May 19, 2014

Mad Men: “The Strategy”

By Josh Oakley

One of the main things that sets television apart as an art form is longevity. It’s not inherent, as any one-season wonder will tell you. Yet the depth generated over a number of years remains a unique and powerful experience that not even series of films or novels can capture in quite the same way. TV is powerful, and Mad Men’s “The Strategy” is a uniquely striking episode for the ways that it both embraces and rejects emotional staples of the medium. This is an hour both predicated on the knowledge the viewer brings and dismissive of the easy comforts that the repetition of time inherently generates.

While the importance of many characters have waxed and waned over the years, four have always stood as the central tenants of Mad Men’s thesis. Don is the focus, the man finding himself fading between generations and identities. Roger has always stood for the old guard, the type of person already largely wiped from importance, desperately grasping at ways to stay relevant. Peggy is the younger generation, wrapped up in combing the lessons of yesteryear with the opportunities of tomorrow. And Pete has been stuck in limbo, marred by tragedy and short-sightedness, never fully aware of the path forward or just how much he was following the steps taken by those before him. “The Strategy” appropriately gives all of these characters some semblance of spotlight, especially for Don, Peggy and Pete. “The Suitcase” will likely always be my favorite, and maybe the best episode of Mad Men. This, however, may end up being the episode of the show, the one that viewers can point at and say “this is what the show was doing all along”. This could have been a series finale in many ways, encapsulating the themes, characters and relationships in a specific and perfect way, delivering on the promise of seasons that came before and the handful of installments left to experience.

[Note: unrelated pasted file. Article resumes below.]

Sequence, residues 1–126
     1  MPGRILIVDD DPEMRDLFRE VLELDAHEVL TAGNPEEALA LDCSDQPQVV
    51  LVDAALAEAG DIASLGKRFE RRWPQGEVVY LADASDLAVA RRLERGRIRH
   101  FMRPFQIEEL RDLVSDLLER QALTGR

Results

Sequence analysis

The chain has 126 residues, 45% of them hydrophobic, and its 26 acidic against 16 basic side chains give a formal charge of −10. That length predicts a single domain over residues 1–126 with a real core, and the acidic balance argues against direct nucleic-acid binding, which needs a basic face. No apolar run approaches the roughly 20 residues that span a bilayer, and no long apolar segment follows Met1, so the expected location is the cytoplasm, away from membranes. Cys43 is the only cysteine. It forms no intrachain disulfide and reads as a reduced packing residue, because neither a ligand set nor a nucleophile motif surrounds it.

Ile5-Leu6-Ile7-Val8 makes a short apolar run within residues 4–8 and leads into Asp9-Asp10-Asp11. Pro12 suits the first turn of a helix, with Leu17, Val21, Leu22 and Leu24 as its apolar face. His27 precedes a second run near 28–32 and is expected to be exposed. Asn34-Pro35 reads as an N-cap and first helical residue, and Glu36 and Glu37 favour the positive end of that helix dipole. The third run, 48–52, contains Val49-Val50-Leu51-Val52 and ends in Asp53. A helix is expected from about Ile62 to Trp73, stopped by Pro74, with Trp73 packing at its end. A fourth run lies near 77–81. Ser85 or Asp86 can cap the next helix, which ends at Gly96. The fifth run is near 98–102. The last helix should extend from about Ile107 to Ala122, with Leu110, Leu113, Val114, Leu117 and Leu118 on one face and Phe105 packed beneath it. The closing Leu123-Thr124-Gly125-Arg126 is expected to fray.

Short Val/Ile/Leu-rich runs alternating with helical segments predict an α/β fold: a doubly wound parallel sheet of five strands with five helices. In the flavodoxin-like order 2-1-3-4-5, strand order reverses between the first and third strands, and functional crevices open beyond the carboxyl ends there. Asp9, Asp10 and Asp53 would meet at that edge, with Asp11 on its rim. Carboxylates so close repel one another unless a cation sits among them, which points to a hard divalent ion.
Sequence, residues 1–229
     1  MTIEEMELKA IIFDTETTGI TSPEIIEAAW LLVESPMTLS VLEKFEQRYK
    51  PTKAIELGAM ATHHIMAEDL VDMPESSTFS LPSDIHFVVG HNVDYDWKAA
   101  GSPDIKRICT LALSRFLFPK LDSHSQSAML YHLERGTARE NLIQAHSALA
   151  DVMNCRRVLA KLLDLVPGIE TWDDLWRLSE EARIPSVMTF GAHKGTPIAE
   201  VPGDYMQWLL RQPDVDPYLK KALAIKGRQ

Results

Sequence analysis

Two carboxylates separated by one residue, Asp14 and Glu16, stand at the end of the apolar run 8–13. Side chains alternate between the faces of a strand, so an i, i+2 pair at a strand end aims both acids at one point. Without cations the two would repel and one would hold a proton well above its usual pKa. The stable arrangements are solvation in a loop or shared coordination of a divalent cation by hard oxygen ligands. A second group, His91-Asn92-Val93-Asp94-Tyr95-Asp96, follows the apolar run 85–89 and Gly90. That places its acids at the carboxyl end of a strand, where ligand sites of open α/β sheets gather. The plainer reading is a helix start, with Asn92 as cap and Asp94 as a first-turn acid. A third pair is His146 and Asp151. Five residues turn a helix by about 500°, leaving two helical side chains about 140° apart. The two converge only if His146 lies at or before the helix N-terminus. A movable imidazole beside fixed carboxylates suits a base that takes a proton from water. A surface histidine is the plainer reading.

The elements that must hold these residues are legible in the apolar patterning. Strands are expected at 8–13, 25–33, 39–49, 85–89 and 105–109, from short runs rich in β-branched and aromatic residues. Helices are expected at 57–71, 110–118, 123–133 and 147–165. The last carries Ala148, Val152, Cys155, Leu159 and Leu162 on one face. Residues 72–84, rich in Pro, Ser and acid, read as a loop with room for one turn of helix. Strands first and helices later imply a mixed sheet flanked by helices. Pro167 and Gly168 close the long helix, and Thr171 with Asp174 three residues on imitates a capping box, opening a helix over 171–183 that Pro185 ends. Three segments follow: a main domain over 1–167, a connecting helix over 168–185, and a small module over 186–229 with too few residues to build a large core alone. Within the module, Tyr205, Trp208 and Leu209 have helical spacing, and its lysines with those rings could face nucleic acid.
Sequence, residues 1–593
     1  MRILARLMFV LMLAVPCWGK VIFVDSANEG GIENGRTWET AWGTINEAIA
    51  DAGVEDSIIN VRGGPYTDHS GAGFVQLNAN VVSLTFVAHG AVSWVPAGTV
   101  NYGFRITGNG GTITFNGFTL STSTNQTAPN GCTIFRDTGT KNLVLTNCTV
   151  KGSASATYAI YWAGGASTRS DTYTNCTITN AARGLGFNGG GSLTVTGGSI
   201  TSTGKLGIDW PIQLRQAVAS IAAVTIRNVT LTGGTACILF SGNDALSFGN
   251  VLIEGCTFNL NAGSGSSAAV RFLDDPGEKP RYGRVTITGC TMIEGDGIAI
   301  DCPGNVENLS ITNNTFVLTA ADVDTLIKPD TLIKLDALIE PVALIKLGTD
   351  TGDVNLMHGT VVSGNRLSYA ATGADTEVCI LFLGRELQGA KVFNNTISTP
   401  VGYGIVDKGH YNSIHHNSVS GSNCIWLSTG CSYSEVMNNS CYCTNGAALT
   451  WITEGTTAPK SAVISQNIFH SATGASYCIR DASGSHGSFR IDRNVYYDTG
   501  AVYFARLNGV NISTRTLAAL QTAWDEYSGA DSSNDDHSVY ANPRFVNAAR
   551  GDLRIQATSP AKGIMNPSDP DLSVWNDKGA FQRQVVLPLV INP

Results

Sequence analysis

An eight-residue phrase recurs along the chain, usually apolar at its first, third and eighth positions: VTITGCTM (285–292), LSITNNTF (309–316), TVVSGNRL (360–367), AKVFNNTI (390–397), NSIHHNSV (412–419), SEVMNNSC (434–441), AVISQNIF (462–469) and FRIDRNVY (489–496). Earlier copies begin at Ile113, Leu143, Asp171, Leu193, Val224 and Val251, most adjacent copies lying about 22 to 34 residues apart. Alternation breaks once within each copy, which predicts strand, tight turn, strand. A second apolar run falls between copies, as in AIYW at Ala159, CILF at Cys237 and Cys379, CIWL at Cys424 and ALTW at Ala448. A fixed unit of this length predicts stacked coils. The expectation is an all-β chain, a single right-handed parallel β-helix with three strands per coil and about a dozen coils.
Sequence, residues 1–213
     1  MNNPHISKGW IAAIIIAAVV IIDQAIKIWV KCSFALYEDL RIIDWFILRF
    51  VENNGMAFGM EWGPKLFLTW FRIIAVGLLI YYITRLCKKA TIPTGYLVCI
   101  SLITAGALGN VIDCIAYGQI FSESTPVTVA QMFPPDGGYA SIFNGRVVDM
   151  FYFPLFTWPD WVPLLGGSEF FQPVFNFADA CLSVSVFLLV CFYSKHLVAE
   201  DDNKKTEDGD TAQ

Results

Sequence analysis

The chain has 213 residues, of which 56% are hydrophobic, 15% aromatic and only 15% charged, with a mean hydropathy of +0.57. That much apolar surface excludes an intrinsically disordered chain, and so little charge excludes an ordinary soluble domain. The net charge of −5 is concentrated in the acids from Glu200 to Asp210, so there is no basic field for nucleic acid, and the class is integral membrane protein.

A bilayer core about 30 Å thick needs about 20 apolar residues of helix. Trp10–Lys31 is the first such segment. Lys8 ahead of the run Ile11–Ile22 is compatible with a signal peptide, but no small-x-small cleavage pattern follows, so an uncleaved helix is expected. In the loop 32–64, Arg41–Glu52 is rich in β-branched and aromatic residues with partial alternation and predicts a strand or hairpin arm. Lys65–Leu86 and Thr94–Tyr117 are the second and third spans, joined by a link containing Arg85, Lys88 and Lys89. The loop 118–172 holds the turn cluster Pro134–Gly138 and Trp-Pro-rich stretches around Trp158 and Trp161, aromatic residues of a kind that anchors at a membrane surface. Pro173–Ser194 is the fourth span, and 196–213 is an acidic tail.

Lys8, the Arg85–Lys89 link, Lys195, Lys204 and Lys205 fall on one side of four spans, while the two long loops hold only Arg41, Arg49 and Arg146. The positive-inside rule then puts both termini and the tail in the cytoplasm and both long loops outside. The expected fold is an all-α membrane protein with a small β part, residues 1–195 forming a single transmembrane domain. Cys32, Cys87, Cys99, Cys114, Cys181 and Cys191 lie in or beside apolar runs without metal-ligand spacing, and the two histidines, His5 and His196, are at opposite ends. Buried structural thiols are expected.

Though “The Strategy” rejected television is a significant way, the methods of dramatic tropes it embraced were perhaps the most fascinating. Don and Peggy have the single most fascinating relationship on television at the moment. Their dancing to “My Way” could have felt like fan service in any lesser hands but instead was treated like a culmination, one that carried plenty of baggage. Their positions of power in respect to one another have shifted dramatically over the years, most obvious in the aforementioned “The Suitcase”’s reinterpretation of the pilot’s hand-touching moment. Their dynamic has been altered by the ways in which they’ve differed from one another, yes, but mainly by their wicked, repetitious similarities. At this point they’ve been at the bottom and the top of the corporate food chain, though Pete is quick to remind Peggy that her success will always be curbed to some degree.

Don and Peggy also share the understanding of being an iconoclast, though they’ve faced the walls this throws up as much as the opportunities. Think about Don’s “It’s Toasted” pitch from the pilot episode; that wouldn’t fly in an environment more defined by practical experience, and one covered in bridges he’s spent years burning. Mad Men is fully aware just how much these characters have grown, and the ways in which those decades carry pain as much as reward. Look at the years both Don & Peggy long for, 1955 and 1965 respectively. Yes, they’re significantly dissimilar, with the latter offering more, though still measured, feminine power. The former was a trainwreck in many ways, but one concerned with presenting a pretty picture. That’s what makes this scene work, rather than dipping into a moment where Don simply saves Peggy from a downward spiral. Both of these characters are wrong to some extent, glorifying experiences that look much better when tinted with rose. But in this divergent unification, Don and Peggy find each other yet again. They dance in the way a father and daughter would, but not unlike how lovers might sway. Their relationship is not simply defined, but a complex web of history that the medium of television is uniquely qualified to present.